With an acute shortage of fertilizers during the peak harvest season, the harvest for the season could dwindle further slashing incomes increasing fear of food shortage and increased inflation….reports Asian Lite News
Nepal farmers face a shortage of fertilizers during the peak harvest season that could reduce food availability and incomes, but the silver lining is that Nepal is trying to purchase fertilizers from India through a government-to-government agreement.
On the slopes surrounding the capital Kathmandu, Gopal Kafle was busy preparing his field to transplant paddy saplings. His woes, for the time being, have been warded off as he was able to secure a sack of fertilizer before the price shot up owing to the shortage.
“I could not get the fertilizers on time this year too. There is an acute shortage of it. The last time when I purchased a sack then it cost (Nrs) 2,600 now the price has gone to (Nrs) 3,200. There also is an acute shortage of fertilizer.”
In order to increase production, Gopal has been using 6.5 kilograms of fertilizer immediately after the transplantation of saplings. In due course of time, the amount of fertilizer to be used in the field continues to increase adding to the expenses of the farmers.
With an acute shortage of fertilizers during the peak harvest season, the harvest for the season could dwindle further slashing incomes increasing fear of food shortage and increased inflation.
The agricultural sector of the Himalayan Nation contributes to about 25 per cent of the national economy further employing about 60 per cent of the workforce of Nepal. But the broken supply chain of fertilizers and black-marketing at the time of need has added on owes to a slow growth rate, and high inflation leading to possible stagflation.
During the meeting of the House of Representatives on June, 13, House speaker, Agni Sapkota issued a ruling to the government directing resolution of the issue at the earliest.
“The chemical fertilizers are most essential to increase the production of agricultural goods and during the cultivation of paddy- major cash crop, there has been a shortage of it. Attention has been drawn to it. Contributing about 25 per cent of total Gross Domestic Product (GDP), solutions to impending problems of the agriculture sector should be given priority and the necessary fertilizers should be made available to farmers on time by exercising all possible measures, this meeting of the house of representatives hereby directs the Government of Nepal.”
The government has been claiming of making efforts to procure fertilizer through a government-to-government deal with India after state-run companies failed to make timely imports mainly due to high costs.
“Realising the need for fertilizer during the harvest season, a total of 1,50,000 metric tons of fertilizers are being attempted to be purchased from India during this fiscal year under the government-to-government agreement. In order to secure the purchase, the Government of Nepal has appointed KrishiSamagri Company Ltd. and India has appointed Rashtriya Chemical Fertilizer Ltd. Both the companies are undergoing discussion in multiple rounds and the deal has reached to the end to secure the purchase,” Mahendra Rai Yadav, Minister for Agriculture and Livestock Development had said on June 13, 2022.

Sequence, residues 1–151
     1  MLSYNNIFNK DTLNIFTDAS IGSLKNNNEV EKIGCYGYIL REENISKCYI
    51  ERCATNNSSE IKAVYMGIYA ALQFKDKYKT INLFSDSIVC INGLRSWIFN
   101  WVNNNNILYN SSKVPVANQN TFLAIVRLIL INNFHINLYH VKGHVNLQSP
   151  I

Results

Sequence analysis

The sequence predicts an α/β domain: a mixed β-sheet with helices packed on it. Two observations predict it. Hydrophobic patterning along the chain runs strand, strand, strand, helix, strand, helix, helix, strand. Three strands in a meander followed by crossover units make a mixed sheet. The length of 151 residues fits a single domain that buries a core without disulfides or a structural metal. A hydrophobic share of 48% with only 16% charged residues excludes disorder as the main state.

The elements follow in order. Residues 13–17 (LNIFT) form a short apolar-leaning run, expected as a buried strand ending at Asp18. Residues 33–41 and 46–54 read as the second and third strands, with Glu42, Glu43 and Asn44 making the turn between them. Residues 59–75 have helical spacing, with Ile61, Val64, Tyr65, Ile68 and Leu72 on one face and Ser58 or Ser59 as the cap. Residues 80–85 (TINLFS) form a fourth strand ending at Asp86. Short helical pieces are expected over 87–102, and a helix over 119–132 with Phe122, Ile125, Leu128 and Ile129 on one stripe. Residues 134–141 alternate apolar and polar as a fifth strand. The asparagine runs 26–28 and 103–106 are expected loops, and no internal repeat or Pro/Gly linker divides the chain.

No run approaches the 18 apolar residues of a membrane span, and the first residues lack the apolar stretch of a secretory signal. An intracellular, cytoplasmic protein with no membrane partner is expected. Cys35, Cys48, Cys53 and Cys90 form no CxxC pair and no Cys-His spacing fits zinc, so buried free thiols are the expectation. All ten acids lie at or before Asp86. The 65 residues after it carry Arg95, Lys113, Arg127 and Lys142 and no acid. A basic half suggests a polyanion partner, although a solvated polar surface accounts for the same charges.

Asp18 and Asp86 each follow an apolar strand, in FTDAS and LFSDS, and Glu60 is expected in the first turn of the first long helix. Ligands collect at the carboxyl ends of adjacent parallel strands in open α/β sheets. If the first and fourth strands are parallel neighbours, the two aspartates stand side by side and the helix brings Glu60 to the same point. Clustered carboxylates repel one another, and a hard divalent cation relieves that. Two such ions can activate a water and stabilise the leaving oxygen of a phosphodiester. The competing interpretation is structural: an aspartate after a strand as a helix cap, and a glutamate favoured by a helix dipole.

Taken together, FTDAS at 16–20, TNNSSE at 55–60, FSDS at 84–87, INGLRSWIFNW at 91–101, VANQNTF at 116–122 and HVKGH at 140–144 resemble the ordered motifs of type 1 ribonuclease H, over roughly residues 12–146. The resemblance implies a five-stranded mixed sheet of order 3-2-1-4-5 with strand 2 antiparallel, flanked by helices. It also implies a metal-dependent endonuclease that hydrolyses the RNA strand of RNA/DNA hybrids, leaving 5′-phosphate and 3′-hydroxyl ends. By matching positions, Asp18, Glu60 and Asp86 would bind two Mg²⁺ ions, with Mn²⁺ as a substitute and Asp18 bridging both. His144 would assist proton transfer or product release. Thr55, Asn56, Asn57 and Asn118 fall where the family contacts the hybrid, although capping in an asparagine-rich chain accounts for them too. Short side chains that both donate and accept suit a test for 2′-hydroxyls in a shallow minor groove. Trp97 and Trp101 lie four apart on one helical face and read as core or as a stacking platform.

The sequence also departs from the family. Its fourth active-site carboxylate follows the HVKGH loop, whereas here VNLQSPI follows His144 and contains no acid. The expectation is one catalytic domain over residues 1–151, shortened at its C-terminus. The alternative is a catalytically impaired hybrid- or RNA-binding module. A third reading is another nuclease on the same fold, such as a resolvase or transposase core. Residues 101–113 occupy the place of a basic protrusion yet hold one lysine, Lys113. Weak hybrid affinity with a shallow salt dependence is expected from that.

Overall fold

A memorandum of understanding with India had been signed for the supply of 150,000 tons of chemical fertilizer through a government-to-government deal. As per which, the southern neighbour had promised to send a shipment of 50,000 tonnes of urea and 30,000 tonnes of DAP by mid-July as a crisis mitigating measure.
Regarding the increased price of fertilizers, the minister claimed, “The Ministry of Agriculture and Livestock Development, for the eased import of fertilizers has always put its best efforts despite which spike in the price of fertilizers discomfort has been experienced in supply. In due course of time, the KrishiSamagri Company Ltd- 10,5000 metric tons, Salt Trading Corporation- 1,17,000 metric tons which add to 2,22000 metric tons of chemical fertilizers were supposed to be received via various importers and suppliers. As they were not able to supply it, there has been a shortage,”
The Ministry of Agriculture and Livestock Development has estimated that the annual demand for fertilizer stands at around 600,000 tons.
As per Nepal Government’s official figures, fertilizer price have swelled four to five-fold within a year, and the government would need more than Rs70 billion for subsidies to fulfil the farmers’ demands. The government had set aside Rs15 billion to import chemical fertilizer. But at current prices, the money will be barely enough to buy 200,000 tons.
“Fertilizers have become a necessity while cultivating the crops. We can do nothing about it,” Gopal Kafle said in disgrace. (ANI)